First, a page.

They carried their paralysed friend on a mat, secured with ropes at each corner, to a house in Capernaum, where Jesus was teaching the people about God. There was a huge crowd crammed into the building, listening and hoping to witness some of the miracles for which he was becoming famous. The four friends could get nowhere near him.

    They were very disappointed, but they were determined to reach Jesus. One of them had a daring idea. In those days, most houses had a flat roof that was reached by an outside staircase. The roof was covered with a thick coating of mud over a layer of reeds. When the men reached the roof, they were able to scrape the roof covering away. They made a hole that was large enough to fit their paralysed friend through, and slowly lowered him on the mat until he was just in front of Jesus.

    Jesus was moved by the lengths to which the four men had gone in getting their friend to him. He knew that they had complete faith in his ability to heal their friend. So, Jesus said, ‘My friend, your sins are forgiven, pick up your bed and walk.’

    The crowd watched in amazement. They watched as the man began to move. The feeling came back into his feet and legs, and slowly he began to get up. He stood up straight, picked up his mat and walked away, thanking Jesus and praising God.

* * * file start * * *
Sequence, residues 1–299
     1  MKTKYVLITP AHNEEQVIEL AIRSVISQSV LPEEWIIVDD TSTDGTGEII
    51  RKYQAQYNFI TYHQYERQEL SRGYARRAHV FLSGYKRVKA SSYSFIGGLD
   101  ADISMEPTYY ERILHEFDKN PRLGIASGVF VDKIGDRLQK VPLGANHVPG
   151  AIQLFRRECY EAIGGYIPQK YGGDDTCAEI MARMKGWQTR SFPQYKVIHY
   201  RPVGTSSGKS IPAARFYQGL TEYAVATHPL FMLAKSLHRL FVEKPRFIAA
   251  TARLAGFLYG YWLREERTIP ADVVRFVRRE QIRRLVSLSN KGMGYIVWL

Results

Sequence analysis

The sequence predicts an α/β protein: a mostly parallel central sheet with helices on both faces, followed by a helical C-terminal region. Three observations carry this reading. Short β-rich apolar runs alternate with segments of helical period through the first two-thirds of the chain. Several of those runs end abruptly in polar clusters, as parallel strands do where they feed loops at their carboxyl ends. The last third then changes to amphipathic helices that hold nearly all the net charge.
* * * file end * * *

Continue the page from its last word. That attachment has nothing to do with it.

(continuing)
Some of Jesus’ enemies who had witnessed what had happened were angry. Jesus knew this, but he had wanted to demonstrate that his power to heal was a visible sign that he was indeed the Son of God. It was the loyalty of the mans friends and the faith that they had in Jesus that encouraged Jesus to perform this miracle.

Time for reflection

Ask the children to think about their friends.

- What is special about their friends?

Pause to allow time for thought.

- How good are they at being a good friend?

Pause to allow time for thought.

- What could they do to be a better friend today?

Pause to allow time for thought.

- Could they make a new friend today?

Pause to allow time for thought.

Explain that sometimes, we feel like we have no friends or we fall out with our friends and that makes us sad. Encourage the children to talk to someone if they feel like this. Remind them that there is always someone in school who will listen to them and try to help.

Dear God,
We thank you for our friends and for the happy times that we share with them.
Help us to be a good friend to them.
Teach us how to play fairly and to share.
Help us to recognize loneliness in others and show friendliness towards them.
Thank you that you are our friend and will be with us always.


‘You’ve got a friend in me’ from the film Toy Story, available at: (2.24 minutes long)

Publication date: January 2020   (Vol.22 No.1)    Published by SPCK, London, UK.